Respondent is not commonly known by the disputed domain name. Previous UDRP decisions have found this combination of facts insufficient to establish rights or legitimate interest in the domain name.
Therefore, the Panel finds that Respondent has no rights or legitimate interests with respect to the disputed domain name.
C. Registered and Used in Bad Faith
In this case, Respondent has acknowledged that Complainant’s CHEVROLET trademark is well known and that it was aware of Complainant’s famous trademark at the time the domain name was registered in 2001. Accordingly, the Panel finds that the domain name at issue has been registered in bad faith.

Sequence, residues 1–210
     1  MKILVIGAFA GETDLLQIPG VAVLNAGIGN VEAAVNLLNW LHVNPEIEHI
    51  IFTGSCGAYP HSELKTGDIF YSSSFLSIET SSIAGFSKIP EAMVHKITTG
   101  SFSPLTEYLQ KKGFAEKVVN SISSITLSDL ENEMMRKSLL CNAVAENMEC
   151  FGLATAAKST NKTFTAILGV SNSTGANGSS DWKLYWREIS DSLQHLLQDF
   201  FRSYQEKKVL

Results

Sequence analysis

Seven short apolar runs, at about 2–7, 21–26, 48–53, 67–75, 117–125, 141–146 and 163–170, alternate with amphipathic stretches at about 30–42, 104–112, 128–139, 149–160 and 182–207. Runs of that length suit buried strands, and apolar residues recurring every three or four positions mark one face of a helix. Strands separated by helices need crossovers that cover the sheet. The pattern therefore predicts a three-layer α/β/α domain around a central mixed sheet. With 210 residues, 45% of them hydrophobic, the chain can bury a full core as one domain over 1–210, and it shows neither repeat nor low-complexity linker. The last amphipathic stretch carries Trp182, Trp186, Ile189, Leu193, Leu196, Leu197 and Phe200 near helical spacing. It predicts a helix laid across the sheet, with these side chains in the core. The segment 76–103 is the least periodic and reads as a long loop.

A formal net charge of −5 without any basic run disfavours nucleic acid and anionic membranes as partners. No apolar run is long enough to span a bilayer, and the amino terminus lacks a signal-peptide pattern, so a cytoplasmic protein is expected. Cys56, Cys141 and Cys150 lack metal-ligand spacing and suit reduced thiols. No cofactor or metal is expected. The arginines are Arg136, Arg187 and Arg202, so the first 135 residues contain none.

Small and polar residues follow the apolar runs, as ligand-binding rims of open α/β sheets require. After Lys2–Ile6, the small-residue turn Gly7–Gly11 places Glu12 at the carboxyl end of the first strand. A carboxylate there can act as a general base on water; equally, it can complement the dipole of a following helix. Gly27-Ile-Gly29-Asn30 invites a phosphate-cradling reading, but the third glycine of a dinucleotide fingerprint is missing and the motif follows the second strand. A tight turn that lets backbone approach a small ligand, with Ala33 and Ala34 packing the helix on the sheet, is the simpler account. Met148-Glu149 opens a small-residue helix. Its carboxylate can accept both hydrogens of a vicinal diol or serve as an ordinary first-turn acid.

With respect to the use aspect of paragraph 4(a)(iii) of the Policy, the record shows that the website in connection with the disputed domain name has been inactive since its registration. Accordingly, the Panel finds that Respondent’s inaction constitutes a passive holding of the disputed domain name.
It has previously been recognized that a respondent’s passive holding of the domain name amounts to a bad faith use of the domain name in certain circumstances.
In light of the above particular circumstances, the Panel concludes that Respondent’s passive holding of the disputed domain name meets the requirement of paragraph 4(a)(iii) of the Policy that the domain name “is being used in bad faith” by Respondent.
Therefore, the Panel finds that Respondent has registered and is using the disputed domain name in bad faith.
For the foregoing reasons, in accordance with paragraphs 4(i) of the Policy and 15 of the Rules, the Panel orders that the disputed domain name <mychevrolet.com> be transferred to Complainant.